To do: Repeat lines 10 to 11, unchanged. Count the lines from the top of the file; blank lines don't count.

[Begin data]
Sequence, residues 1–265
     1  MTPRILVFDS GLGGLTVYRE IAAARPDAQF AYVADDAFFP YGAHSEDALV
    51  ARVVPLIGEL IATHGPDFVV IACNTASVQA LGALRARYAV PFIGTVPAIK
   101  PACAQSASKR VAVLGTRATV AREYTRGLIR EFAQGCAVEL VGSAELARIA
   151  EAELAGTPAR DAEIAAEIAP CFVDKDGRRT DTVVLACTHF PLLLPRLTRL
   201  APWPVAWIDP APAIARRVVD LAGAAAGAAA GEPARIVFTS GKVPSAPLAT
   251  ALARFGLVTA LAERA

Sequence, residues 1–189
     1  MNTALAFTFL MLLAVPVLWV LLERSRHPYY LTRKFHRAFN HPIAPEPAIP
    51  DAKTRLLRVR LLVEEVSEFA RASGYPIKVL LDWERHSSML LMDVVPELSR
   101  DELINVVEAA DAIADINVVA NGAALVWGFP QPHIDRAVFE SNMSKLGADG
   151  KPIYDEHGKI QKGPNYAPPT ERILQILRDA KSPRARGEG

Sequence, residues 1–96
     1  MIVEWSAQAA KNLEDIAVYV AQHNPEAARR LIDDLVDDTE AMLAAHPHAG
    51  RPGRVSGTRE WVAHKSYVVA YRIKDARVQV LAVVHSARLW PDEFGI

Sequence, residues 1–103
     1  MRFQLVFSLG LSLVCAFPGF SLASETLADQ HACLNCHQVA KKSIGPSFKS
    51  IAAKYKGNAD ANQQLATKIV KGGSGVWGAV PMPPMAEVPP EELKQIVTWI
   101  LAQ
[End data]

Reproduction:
    51  DAKTRLLRVR LLVEEVSEFA RASGYPIKVL LDWERHSSML LMDVVPELSR
   101  DELINVVEAA DAIADINVVA NGAALVWGFP QPHIDRAVFE SNMSKLGADG